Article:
Thursday, January 20, 2011

They took our 'jerbs'.

I like the theme of this post by Karl Smith. But it got me thinking on a different topic altogether - tax policy. We've got to seriously start thinking about how to preserve basic human welfare in a world where human labor becomes gets increasingly substituted by cheaper and better machine labor, and progressively wider swaths of the population become unnecessary for employers. How exactly do humans survive under these conditions? Where is the money going to come from?

At the outset, let's dismiss (1) the idea that every human is going to own a robot who will go to work for some company in lieu of his human owner (who'll presumably be sitting on the couch watching TV) and bring home the cash, or, for that matter, (2) the idea that every human will own enough robot servants to take care of all of his/her needs. Long before anything like that becomes possible, a 20%+ unemployment rate will be a grim reality that we will need to deal with. In addition, if history is any guide, machines tend to be owned by fairly large businesses more so than individuals, becuase (A) large businesses can afford a large capital outlay in exchange for years of improved productivity and (B) machines we make tend to be specialist and not generalists - subsituting humans at a given task or two, rather than replacing the whole package (like in iRobot books) - and this is likely to continue becuase that's how you get maximum marginal product for the lowest cost.

I see two possible models of society that could cope with the problem:

1. A universal ownership society - in which virtually every human owns either a part of a large business or a natural resourse that generates sufficient income to survive. Robots/machines do all the work, while humans reap the benefits of ownership - sounds nice, but also rather utopian given where things stand now.  It's just hard to see how you can get those currently destitute (of which there are plenty) to "wealthy" without some steps in between.   A small-business idealist might propose to somehow dramatically improve the odds of starting your own shop that does something, but I've yet to see an idea that would offer a dramatic improvement over the status quo. More fundamentally, small business as a concept is going to get exponentially more difficult as production of any kind becomes more capital intensive and less and less labor intensive. In other words, when Starbucks replaces even barristas with machines that operate at a fraction of the marginal cost, but cost a lot to buy up front, it will be even tougher for a coffee-shop startup and its owner to compete with Starbucks and survive.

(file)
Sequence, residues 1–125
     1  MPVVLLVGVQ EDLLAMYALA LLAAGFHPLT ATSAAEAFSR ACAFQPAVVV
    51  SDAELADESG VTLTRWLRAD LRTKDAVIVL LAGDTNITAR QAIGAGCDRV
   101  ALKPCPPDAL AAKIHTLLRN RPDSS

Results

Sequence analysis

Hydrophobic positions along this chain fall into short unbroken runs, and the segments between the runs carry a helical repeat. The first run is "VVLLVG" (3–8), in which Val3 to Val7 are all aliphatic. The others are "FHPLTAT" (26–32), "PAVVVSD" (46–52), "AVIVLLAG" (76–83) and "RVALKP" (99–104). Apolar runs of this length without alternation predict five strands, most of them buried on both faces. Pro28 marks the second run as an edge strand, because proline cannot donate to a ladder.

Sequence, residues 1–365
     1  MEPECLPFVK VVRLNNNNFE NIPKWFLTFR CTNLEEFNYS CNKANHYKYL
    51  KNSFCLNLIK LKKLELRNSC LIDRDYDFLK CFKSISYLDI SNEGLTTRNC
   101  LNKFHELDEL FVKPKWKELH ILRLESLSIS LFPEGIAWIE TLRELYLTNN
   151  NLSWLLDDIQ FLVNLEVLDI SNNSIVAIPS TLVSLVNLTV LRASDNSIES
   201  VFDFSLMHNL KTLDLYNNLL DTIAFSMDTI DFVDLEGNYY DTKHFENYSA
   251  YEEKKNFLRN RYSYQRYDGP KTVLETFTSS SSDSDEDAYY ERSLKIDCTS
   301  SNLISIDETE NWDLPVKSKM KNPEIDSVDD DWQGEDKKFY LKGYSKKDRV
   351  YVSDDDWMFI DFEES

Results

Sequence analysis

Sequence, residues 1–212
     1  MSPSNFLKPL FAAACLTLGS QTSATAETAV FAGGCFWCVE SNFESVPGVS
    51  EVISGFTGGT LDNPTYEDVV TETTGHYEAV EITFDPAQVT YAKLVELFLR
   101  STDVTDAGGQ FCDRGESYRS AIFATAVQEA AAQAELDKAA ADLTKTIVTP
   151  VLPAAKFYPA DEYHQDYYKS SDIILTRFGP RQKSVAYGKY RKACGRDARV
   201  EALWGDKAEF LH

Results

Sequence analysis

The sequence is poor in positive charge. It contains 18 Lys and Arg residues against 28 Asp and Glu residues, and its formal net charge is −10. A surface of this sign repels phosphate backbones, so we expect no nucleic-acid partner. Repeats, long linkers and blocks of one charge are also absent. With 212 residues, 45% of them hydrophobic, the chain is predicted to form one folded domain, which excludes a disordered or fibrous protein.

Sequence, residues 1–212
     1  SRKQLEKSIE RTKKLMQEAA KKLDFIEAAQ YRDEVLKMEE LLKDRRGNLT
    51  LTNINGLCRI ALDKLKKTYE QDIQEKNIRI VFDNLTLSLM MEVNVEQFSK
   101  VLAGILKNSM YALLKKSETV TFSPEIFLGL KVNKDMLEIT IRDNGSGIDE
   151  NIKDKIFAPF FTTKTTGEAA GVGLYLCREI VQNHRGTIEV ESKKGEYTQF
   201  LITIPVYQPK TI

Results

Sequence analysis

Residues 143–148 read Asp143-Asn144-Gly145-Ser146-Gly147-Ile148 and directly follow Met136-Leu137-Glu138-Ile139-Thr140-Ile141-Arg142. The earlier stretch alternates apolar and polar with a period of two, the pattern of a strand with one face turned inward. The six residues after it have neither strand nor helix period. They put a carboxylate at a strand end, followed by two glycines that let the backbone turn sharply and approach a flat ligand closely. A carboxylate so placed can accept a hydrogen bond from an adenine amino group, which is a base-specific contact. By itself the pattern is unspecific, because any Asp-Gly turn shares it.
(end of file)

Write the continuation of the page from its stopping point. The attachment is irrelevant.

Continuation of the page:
2. A welfare state, that takes care of the unemployed and the destitute with tax revenues. This finally brings me to the core of the argument: where are sufficint tax revenues going to come from, if employment income of human beings is constantly falling? We can't continue taxing income and hope for solvency. We need a re-think and start increasinly relying on tax revenues from large enterprise, because that's where the money is going to be. So rather than lower corporate income taxes, we need to at least keep them where they are, but maybe think about lowering payroll taxes to lower marginal cost of employing humans (though this would only delay the reckoning) and make evasion exceedingly diffucult. A VAT would perhaps be even better, becuase this tax does not care about whether value was added by a human or a machine. U.S. needs a VAT, the sooner the better.

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